Georgia officials are taking an ax to state agency funding and withholding tax cuts for homeowners as predictions for the state's expected budget shortfall reached into the billions Friday.
One Hall County lawmaker is predicting the budget cuts will be felt strongly in Northeast Georgia.
Gov. Sonny Perdue is cutting 6 percent from funding to state government departments starting immediately and will defer employee pay raises planned for January to deal with a predicted $1.6 billion shortfall this fiscal year, spokesman Bert Brantley said.
The delay in pay hikes does not include teacher pay raises, Brantley said. The state also will not dole out $428 million in homeowner tax cuts planned for this year, he said.
The only exceptions to the reductions are the state's Medicaid program, which will be cut 5 percent, and K-12 funding, to which will be cut just 2 percent, Brantley said.
The announcement came after a meeting Friday with legislative leaders to hammer out a plan for addressing Georgia's sputtering economy.
State Rep. Carl Rogers, R-Gainesville, did not attend the meeting, but said the move by the governor is yet another sign of the economic times.
Rogers said some state agencies may have to furlough some employees in order to meet the goals of the cuts. He predicted local assistance grants, such as state funds for the Northeast Georgia History Center and the Field of Dreams at Alberta Banks Park, could be in jeopardy.
Rogers also predicted the state would delay or postpone entirely the sale of bonds for long-term capital projects. Among the projects awaiting bond funds are design money for a major academic building at Gainesville State College and a new campus for Lanier Technical College in Dawsonville. Another state project, design funds for Don Carter State Park, could also be in jeopardy, according to the lawmaker.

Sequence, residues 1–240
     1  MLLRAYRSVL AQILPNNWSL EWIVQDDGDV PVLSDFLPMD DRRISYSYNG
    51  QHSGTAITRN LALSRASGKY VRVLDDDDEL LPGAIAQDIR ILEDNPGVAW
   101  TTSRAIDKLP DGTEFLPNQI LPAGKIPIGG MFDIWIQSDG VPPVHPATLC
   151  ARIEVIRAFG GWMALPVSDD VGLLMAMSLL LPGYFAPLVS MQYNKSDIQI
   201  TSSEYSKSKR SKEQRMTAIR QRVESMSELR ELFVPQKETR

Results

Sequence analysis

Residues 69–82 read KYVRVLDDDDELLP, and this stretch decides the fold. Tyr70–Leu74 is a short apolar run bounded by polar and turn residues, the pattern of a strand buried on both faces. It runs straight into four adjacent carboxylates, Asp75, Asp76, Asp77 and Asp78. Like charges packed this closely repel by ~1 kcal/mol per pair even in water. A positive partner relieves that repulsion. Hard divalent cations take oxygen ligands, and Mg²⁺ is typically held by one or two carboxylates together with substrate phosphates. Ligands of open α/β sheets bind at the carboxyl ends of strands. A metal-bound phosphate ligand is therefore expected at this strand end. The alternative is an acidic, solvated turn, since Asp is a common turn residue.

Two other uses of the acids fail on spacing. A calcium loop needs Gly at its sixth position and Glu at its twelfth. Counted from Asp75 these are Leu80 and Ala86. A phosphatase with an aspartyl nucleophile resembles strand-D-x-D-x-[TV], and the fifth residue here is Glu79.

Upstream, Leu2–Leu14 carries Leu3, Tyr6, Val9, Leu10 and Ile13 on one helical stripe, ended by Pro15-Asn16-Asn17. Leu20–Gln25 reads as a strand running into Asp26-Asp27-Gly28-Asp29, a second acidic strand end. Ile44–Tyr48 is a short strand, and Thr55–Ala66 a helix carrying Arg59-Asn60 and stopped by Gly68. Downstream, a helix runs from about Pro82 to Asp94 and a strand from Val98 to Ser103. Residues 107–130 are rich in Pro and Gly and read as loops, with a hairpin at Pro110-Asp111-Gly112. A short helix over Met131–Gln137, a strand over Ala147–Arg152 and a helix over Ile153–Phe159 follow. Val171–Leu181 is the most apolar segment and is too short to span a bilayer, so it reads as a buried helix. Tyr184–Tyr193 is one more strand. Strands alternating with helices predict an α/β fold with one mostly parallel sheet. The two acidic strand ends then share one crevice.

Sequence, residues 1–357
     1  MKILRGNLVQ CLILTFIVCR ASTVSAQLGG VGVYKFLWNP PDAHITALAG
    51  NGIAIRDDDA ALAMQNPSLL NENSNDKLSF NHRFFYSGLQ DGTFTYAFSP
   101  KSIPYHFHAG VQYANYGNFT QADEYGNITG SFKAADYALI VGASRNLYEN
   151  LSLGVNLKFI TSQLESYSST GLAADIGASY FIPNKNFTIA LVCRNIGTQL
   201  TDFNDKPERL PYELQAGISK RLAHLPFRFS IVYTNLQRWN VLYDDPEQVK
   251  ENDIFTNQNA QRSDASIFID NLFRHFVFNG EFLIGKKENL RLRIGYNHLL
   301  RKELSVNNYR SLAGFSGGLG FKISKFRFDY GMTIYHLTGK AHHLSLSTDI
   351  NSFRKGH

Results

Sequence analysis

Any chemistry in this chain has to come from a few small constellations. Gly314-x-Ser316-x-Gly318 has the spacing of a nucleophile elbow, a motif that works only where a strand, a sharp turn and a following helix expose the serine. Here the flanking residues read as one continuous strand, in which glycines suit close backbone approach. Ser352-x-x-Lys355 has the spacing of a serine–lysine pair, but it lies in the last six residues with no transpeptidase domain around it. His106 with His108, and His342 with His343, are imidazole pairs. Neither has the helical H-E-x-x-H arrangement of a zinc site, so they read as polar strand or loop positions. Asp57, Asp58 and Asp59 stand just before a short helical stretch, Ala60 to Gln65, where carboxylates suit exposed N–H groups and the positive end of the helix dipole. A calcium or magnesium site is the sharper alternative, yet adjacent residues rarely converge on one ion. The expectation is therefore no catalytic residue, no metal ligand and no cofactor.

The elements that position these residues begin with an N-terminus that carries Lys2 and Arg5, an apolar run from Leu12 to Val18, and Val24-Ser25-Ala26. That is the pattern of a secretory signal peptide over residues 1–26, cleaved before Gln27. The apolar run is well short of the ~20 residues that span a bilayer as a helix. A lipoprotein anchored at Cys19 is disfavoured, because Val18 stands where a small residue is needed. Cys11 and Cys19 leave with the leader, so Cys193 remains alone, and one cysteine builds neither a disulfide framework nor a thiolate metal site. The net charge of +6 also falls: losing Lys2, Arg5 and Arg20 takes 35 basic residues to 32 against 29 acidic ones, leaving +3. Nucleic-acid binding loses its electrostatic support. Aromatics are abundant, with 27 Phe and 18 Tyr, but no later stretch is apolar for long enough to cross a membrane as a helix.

"This is really tough," Rogers said.
Perdue had ordered state agencies to plan for a 3.5 percent cut but now he's asking them to prepare for between 6 percent and 10 percent, Brantley said. That likely will mean hundreds of new jobs will be cut and state spending on new capital projects will come to a halt.
"Just as many Georgia families are making sacrifices in this economy, our state must also seek out ways to stay financially healthy," Lt. Gov. Casey Cagle, a Chestnut Mountain Republican, said in a statement.
Mirroring national trends, Georgians appear to be responding to the bleak economic picture by spending less.
State tax revenues are down nearly 1 percent this fiscal year, which began July 1, Brantley said. That's after a year of lagging revenues that forced Perdue to use $600 million in reserves to make ends meets for last fiscal year.